(Jan. 04, 2013) Despite eliciting mostly blank stares – or, at best, vague nods of approval – from the elected body, local property owner and fiscal activist Tony Christ continued last week with his endeavor to create a balance sheet for the city’s government that, while not necessarily adherent to normative accounting standards, he believes is more representative of the city’s economic future.
Christ presented his draft ‘Trial Balance Sheet’ for the Town of Ocean City to the City Council, and requested its feedback to improve his project.
“I’d like to do this as a trial, to see if this is a benefit to you all,” Christ said. “And as a volunteer, I’d like you to help me come up with better numbers.”
Like a typical balance sheet, Christ’s listing separates assets – what the city has – from liabilities – what it owes. But, unlike most balances, these two basic elements are then divided into “current” – meaning those assets that can be drawn upon as needed, or liabilities that must be paid for as they arise – and “noncurrent” – meaning those that project long-term obligations or illiquid assets.
The relevance of this division, Christ has said, is that the vast majority of the city’s financial data exists as book-entry, line-by-line accounting that it done on an accrual basis, meaning that only the city’s actions that have had a tangible, monetary impact on its accumulation of wealth or debt over the past year are listed.
But in Christ’s reckoning, this is not where most of the city’s fiscal fate lies. What is more important, he asserted, are the long-term commitments that the city has already made, but will not begin to affect its balances until a number of years out. Many of these, Christ said, cannot be included on a traditional accounting balance sheet.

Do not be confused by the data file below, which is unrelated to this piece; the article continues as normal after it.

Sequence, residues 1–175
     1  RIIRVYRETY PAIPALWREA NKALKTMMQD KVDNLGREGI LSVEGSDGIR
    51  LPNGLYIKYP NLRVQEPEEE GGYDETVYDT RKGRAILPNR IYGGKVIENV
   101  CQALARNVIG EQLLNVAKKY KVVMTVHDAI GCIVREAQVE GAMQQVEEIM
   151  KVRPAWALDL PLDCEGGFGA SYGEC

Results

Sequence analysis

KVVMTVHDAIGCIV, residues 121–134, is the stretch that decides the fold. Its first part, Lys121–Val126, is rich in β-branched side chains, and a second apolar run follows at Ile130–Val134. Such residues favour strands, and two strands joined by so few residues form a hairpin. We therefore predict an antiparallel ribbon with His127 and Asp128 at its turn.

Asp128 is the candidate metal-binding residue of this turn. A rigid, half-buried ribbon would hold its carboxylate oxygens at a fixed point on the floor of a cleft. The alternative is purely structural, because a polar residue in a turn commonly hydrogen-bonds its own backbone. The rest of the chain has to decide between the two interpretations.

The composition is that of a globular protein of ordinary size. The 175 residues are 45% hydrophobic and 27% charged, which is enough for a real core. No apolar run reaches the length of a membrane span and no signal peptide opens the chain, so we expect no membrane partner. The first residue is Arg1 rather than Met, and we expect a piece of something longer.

By creating a two-page, four-section record sheet, Christ said the city’s financial challenges become much easier to see. By this method, the city is actually $60 million in the hole, not $148 million in the black.
“I suggested that maybe we don’t know where the relevant numbers are,” Christ said. “So I tried to migrate numbers onto two sheets of paper.”
Even though many of the problematic costs that Christ lists on his balance sheet are inexact future estimates, they are no less of a reality than the more concrete, book-entry items, he warned.
“What I would like you to recognize is that these are real expenses,” Christ said. “They deserve to be there, because they’re real.”
For instance, one of the city’s major continuing expenses is the maintenance and repair of roads, drainage systems and beach infrastructure. But because these things are paid for as they come up, future needs are not part of the city’s balance sheet. However, Christ’s experimental tallies include the next 10 years of such work as a “noncurrent liability,” estimated to the tune of $54 million.
The economic picture is further skewed, Christ said, because what the city has already accrued on an annual basis in terms of infrastructure is listed in its assets. The town’s Annual Comprehensive Financial Report tallies a total of $198.5 million in capital assets. But this use of accrual accounting, Christ said, gives the false impression that these are available assets that can be used to leverage the city’s expense.
In reality, the vast majority of the figure consists of buildings and machinery, most of which is highly specialized and whose value on the open market is grossly overstated. Thus, these assets are listed as “noncurrent.”
The biggest change that Christ desired the council to recognize was the inclusion of future pension and medical costs as noncurrent liabilities, an obligation that Christ estimates to raise the city’s total liability by $218 million over the life of the city’s current workforce.
This is much more of an immediate liability than is typically shown in the pension funds’ value, Christ said, given that 2014 accounting guidelines changes by the Government Accounting Standards Board will affect the smoothing process for pension investments.
Estimated gains or losses of the funds’ value are phased in over five-year periods, to keep the contributions levels from fluctuating wildly. But this also masks, according to the GASB, investment market drops that may not be fully accounted for by the time the fund money is needed to pay for retirements.
With a large percentage of Ocean City’s workforce nearing retirement age, the city may be paying out of a pot whose paper value is overstated.
“I’m trying to capture the commitments you’ve made that go beyond just a year, as far as the liability is concerned,” Christ said.